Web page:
Spending time in nature keeps supresses mental fatigue
Experts estimate that 20 percent of women experience excessive or prolonged menstrual bleeding at some time during their lives, particularly as they approach menopause. A new, less invasive procedure called global endometrial ablation (GEA) preserves the uterus, while decreasing menstrual bleeding and shortening patients’ recovery time. In an article published in the January issue of
Full Post: Researchers look at global endometrial ablation procedure for heavy menstrual bleeding
If you spend the majority of your time among stores, restaurants and skyscrapers, it may be time to trade in your stilettos for some hiking boots.
A new study in Psychological Science, a journal of the Association for Psychological Science, reveals that spending time in nature may be more beneficial for mental processes than being in urban environments.
Psychologists Marc G. Berman, John Jonides, and Stephen Kaplan from the University of Michigan designed two experiments to test how interactions with nature and urban environments would affect attention and memory processes. First, a group of volunteers completed a task designed to challenge memory and attention. The volunteers then took a walk in either a park or in downtown Ann Arbor. After the walk, volunteers returned to the lab and were retested on the task. In the second experiment, after volunteers completed the task, instead of going out for a walk, they simply viewed either nature photographs or photographs of urban environments and then repeated the task.
The results were quite interesting. In the first experiment, performance on the memory and attention task greatly improved following the walk in the park, but did not improve for volunteers who walked downtown. And it is not just being outside that is beneficial for mental functions - the group who viewed the nature photographs performed much better on the retest than the group who looked at city scenes.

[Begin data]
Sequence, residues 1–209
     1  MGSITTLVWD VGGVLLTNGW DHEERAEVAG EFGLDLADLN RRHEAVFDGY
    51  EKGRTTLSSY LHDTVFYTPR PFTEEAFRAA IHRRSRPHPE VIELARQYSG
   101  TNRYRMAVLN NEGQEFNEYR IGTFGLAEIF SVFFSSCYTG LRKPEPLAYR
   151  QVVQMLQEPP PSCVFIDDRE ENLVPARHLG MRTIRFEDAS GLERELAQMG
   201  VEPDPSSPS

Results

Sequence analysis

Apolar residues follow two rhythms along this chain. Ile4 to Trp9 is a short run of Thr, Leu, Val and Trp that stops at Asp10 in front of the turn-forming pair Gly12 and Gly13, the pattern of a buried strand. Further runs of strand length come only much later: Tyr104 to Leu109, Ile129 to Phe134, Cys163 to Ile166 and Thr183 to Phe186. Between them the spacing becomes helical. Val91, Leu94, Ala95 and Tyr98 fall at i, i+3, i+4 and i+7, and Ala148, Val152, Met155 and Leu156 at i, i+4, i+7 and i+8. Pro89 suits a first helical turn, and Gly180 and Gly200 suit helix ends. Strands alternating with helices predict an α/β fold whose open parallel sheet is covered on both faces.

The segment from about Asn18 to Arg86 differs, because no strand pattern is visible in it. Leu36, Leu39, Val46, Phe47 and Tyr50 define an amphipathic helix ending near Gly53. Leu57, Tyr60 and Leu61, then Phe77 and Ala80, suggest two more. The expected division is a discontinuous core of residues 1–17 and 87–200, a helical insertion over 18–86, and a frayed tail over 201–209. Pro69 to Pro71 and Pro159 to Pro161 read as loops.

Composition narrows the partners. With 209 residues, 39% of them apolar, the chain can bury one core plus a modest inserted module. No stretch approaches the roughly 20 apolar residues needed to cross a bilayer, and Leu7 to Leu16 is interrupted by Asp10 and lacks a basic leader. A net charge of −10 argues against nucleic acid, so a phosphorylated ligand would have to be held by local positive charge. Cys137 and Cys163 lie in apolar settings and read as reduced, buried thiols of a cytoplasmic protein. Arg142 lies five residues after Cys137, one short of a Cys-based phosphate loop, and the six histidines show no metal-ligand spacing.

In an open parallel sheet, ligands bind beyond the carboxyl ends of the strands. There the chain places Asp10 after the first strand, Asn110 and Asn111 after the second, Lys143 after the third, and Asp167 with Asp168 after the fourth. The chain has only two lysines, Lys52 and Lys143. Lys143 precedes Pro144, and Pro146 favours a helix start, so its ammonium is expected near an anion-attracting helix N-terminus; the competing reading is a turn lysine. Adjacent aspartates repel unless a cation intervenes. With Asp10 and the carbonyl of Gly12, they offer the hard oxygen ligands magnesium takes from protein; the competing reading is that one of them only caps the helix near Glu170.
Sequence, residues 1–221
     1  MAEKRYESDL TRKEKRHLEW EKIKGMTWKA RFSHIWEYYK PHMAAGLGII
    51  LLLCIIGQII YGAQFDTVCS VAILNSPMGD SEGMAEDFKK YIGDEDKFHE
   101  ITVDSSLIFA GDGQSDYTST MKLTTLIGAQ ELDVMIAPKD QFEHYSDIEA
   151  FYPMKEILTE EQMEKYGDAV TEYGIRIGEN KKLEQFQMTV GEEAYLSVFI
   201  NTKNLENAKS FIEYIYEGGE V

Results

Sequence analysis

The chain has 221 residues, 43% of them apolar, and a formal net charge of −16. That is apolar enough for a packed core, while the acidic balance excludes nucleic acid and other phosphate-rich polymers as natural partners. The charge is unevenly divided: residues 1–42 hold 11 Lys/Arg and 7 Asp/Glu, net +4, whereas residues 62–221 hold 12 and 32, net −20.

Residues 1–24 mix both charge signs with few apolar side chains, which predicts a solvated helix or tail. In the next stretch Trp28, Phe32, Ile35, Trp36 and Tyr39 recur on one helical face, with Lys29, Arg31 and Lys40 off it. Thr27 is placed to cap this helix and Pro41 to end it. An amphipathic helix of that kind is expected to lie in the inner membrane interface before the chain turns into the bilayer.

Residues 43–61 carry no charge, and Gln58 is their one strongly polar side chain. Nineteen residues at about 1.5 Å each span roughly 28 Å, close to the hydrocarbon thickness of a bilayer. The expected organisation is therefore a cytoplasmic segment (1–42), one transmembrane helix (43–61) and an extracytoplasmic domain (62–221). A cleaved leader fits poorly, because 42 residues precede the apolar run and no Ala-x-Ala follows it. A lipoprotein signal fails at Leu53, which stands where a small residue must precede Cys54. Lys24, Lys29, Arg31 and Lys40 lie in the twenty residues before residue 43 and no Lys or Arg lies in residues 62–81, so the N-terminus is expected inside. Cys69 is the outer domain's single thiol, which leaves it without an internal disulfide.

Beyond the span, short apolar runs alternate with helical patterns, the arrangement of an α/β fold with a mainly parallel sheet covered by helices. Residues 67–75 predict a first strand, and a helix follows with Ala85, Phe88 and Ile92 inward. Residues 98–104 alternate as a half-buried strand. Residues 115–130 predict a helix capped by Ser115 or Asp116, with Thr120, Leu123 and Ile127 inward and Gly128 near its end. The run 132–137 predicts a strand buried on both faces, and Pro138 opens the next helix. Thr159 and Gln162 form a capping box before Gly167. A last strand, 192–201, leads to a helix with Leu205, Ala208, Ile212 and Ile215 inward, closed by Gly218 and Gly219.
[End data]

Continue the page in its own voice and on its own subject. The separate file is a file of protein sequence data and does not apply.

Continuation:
The authors suggest that urban environments provide a relatively complex and often confusing pattern of stimulation, which requires effort to sort out and interpret. Natural environments, by contrast, offer a more coherent (and often more aesthetic) pattern of stimulation that, far from requiring effort, are often experienced as restful. Thus being in the context of nature is effortless, permitting us to replenish our capacity to attend and thus having a restorative effect on our mental abilities.
A new study conducted at the Centre for Studies and Research in Cognitive Neuroscience of the University of Bologna, and published by Elsevier in the February 2009 issue of Cortex shows that, in confabulating patients, memory accuracy improves when attentional resources are reduced. Most cognitive processes supporting adaptive behavior need attentional resources for their operation.
Full Post: When less attention improves behavior
Now’s the perfect time to increase anti-smoking campaigns - Nov. 20 is the American Cancer Society’s Great American Smokeout. Anti-tobacco public service announcements have been around for decades, designed to encourage people to quit smoking or to refrain from starting. Often these ads try to encourage people to avoid smoking by scaring them with the
Full Post: Effective anti-tobacco public service announcements should either scare or disgust viewers
Days when schoolchildren walked to neighbourhood schools are long gone. A new study by a team of researchers led by Paul Lewis, a professor of Urban Planning at the Université de Montréal, shows that only 30 percent of children attending elementary school reach school on foot or by bicycle. The study was conducted from 2006
Full Post: Children walking less
People who received a mild electrical current to a motor control area of the brain were significantly better able to learn and perform a complex motor task than those in control groups. The findings could hold promise for enhancing rehabilitation for people with traumatic brain injury, stroke and other conditions. The study is presented in
Full Post: Mild brain stimulation may enhance motor skills in traumatic brain injury, stroke
Even though forgetting is such a common occurrence, scientists have not reached a consensus as to how it happens. One theory is that information simply decays from our memory - we forget things because too much time has passed. Another idea states is that forgetfulness occurs when we confuse an item with other items that
Full Post: Study reveals clues to how we forget over short-term